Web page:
A case cannot be won simply with a presumption. But, a negligence per se presumption can definitely help. The jury returns after deliberation. The judge waits for them to all sit. He then asks, "Have you reached a decision?" One of the jurors stands up. "We have your honor."

Thursday, April 2, 2015

The Effects of AB 16: Changes to Domestic Violence Charge PC 273.5

Last year, the California legislature amended Penal Code section 273.5, corporal injury on a spouse. The new changes expanded the definition of whom can be classified as a victim. Now included under the statute: former fiances and fiancees, current and former dating partners, mother or father of the defendant's child.

The changes have widened the scope of who can be accused of committing an act of domestic violence. The authors of the bill projected that it could increase convictions under the law by 10%. It is too early to tell, however, if there have been more criminal filings as a result of the change. Nevertheless, a domestic violence charge remains a serious crime.

Treating domestic violence differently than other violent crimes has been entrenched in California law since 1945. There is data, and tragic anecdotal stories, showing that victims of domestic violence can experience mental trauma for years, if not indefinitely unto death. Thus, there is a strong public interest in treating domestic violence crimes differently.

All people accused of committing a PC 273.5 act of domestic violence are not guilty. There have been cases of false accusations or self-defense.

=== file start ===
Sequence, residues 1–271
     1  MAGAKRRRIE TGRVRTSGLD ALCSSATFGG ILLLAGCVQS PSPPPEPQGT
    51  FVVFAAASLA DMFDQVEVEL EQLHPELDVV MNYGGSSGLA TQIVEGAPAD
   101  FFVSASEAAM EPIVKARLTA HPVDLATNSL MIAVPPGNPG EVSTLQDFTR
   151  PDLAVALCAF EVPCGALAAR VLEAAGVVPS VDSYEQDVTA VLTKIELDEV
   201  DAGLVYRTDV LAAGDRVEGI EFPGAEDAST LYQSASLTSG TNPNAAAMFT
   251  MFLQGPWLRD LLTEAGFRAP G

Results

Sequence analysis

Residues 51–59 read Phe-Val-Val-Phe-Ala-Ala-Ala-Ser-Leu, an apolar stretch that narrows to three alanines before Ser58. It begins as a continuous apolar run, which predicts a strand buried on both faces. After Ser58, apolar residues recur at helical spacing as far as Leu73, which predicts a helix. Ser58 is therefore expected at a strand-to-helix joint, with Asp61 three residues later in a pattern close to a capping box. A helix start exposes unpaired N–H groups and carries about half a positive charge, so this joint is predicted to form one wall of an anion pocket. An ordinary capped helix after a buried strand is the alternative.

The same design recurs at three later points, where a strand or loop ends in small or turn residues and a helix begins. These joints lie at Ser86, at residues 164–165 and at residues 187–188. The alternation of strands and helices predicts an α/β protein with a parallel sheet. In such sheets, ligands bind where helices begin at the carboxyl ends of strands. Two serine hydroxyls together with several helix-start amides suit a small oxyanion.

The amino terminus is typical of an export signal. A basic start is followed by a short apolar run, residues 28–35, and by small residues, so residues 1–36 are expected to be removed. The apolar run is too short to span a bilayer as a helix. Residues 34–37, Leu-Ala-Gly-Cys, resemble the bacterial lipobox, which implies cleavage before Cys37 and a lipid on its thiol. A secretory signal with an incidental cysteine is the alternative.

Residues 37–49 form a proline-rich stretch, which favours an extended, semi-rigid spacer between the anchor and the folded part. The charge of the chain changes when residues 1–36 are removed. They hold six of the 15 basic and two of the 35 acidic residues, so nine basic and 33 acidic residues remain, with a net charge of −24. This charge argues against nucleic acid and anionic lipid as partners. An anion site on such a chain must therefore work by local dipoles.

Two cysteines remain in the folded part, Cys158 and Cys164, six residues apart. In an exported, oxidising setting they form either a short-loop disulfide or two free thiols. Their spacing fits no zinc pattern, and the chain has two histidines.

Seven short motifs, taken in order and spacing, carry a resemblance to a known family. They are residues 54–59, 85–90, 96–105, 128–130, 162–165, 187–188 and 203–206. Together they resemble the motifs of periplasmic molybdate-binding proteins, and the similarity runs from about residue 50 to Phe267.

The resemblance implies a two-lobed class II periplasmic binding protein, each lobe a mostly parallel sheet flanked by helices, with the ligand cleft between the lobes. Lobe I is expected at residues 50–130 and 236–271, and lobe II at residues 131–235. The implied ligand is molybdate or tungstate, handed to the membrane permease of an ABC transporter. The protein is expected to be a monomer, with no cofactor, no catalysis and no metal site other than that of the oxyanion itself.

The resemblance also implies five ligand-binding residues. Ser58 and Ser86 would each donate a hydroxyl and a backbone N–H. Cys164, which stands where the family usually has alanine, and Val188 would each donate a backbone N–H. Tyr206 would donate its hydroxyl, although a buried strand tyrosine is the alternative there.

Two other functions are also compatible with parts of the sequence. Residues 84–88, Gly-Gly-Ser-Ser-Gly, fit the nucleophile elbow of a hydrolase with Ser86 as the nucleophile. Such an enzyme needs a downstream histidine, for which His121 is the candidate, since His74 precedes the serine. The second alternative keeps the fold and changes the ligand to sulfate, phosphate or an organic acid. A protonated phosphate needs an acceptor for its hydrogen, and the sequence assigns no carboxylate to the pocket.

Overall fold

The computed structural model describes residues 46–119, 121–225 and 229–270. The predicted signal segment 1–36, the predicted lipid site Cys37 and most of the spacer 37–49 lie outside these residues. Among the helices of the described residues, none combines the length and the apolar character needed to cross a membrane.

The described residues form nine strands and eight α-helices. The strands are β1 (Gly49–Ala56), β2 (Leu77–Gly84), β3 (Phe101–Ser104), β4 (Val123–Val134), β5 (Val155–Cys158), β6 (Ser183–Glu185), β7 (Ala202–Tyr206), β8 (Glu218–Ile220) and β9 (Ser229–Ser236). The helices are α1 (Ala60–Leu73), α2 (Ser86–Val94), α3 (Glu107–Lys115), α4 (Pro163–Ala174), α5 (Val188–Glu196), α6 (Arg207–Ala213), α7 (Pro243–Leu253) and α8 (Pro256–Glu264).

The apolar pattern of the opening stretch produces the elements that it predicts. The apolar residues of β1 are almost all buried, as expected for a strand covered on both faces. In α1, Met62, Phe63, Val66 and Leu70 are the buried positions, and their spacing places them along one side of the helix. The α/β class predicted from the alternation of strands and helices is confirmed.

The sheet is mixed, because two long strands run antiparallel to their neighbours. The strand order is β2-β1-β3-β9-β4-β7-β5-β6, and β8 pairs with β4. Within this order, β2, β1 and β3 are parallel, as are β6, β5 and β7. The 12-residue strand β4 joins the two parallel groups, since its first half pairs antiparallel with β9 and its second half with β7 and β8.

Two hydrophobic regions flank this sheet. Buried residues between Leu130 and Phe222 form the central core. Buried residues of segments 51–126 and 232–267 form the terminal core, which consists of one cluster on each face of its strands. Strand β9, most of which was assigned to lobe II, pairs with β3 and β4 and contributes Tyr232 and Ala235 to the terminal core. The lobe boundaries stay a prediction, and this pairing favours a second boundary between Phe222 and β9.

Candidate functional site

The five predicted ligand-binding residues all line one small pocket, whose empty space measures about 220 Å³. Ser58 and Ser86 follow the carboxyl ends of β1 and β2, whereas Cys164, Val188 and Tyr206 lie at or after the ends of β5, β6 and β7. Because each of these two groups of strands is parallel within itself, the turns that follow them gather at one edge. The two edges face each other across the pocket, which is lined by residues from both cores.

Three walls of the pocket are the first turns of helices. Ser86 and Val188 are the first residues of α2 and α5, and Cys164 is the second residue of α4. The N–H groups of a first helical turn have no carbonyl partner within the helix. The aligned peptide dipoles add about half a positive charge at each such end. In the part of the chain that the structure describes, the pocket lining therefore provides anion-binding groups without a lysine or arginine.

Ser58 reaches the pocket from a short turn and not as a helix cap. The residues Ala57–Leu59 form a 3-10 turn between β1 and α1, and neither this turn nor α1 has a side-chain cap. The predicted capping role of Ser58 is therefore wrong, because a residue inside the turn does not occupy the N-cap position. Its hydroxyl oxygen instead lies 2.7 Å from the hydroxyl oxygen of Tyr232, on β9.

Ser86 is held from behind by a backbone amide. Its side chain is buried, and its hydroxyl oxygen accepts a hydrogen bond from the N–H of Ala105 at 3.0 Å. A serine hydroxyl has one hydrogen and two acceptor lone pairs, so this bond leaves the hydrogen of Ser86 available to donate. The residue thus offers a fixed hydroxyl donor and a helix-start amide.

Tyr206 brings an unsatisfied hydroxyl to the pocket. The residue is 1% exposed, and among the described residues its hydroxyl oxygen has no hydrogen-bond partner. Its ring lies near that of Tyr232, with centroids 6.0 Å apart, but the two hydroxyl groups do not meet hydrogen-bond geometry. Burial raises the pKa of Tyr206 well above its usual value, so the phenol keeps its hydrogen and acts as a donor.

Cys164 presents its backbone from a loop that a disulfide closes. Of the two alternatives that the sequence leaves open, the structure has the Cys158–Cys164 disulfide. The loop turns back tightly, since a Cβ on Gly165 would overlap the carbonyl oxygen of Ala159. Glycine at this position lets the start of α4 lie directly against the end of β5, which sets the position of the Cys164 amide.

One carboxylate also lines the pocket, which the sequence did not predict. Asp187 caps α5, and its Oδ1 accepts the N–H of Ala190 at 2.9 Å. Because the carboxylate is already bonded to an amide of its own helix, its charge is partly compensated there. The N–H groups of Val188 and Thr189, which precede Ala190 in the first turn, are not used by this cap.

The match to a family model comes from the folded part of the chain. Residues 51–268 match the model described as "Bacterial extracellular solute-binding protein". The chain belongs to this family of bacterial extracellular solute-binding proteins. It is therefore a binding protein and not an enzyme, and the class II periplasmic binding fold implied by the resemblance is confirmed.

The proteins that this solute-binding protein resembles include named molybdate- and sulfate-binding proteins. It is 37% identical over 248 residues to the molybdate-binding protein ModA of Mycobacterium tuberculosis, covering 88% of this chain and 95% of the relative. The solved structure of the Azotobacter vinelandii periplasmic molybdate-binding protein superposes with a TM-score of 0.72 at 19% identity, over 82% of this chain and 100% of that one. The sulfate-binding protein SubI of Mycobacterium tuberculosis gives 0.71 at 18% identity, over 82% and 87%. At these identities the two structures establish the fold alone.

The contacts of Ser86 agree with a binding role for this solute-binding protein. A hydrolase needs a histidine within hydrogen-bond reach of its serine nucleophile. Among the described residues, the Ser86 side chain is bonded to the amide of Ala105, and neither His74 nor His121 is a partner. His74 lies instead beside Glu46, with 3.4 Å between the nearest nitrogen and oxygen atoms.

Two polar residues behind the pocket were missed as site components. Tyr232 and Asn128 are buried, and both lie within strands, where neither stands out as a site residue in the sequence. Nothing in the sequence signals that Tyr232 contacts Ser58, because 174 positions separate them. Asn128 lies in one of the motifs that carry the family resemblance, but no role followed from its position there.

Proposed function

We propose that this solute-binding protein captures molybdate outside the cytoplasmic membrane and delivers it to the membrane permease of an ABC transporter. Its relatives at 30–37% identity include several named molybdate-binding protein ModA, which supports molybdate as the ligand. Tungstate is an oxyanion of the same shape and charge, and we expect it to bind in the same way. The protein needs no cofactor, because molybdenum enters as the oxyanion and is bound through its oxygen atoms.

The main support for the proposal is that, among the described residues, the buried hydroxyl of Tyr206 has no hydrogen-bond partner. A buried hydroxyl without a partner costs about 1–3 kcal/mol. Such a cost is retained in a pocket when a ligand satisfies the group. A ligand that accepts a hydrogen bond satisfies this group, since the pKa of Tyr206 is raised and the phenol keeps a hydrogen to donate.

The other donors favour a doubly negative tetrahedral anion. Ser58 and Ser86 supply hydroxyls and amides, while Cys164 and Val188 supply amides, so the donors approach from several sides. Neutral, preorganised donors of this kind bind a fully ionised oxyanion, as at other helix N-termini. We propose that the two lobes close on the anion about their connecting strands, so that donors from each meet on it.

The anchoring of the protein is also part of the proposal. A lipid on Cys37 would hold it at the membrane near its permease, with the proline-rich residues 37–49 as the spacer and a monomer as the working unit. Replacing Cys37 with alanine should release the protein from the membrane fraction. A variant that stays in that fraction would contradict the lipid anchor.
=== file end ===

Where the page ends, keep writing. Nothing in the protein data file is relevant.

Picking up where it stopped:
To be convicted under the law, the People have to prove beyond a reasonable doubt that the defendant:
(1) willfully inflicted a physical injury on an intimate partner; and
(2) as a result, the act caused the victim to experience a traumatic condition.

We already discussed how the term "intimate partner" was expanded by AB 16. A "traumatic condition" is a visible injury. If both elements can be proven, an accused can face serious penalties.

PC 273.5 is a "wobbler," offense, meaning that it can be charged as a misdemeanor or felony. If a defendant is convicted of the misdemeanor, he or she faces a maximum of one-year (1) in jail, and a fine of $6,000. If a defendant is convicted of the felony, he or she faces a maximum four-year (4) prison sentence.

There also could be consequences related to a state license or a person's immigration status. One cannot forget that it also carries a social stigma. People accused of committing an act of domestic violence should consult with a criminal defense attorney. Changes in the law, possible defenses, and analysis of a particular case can be discussed.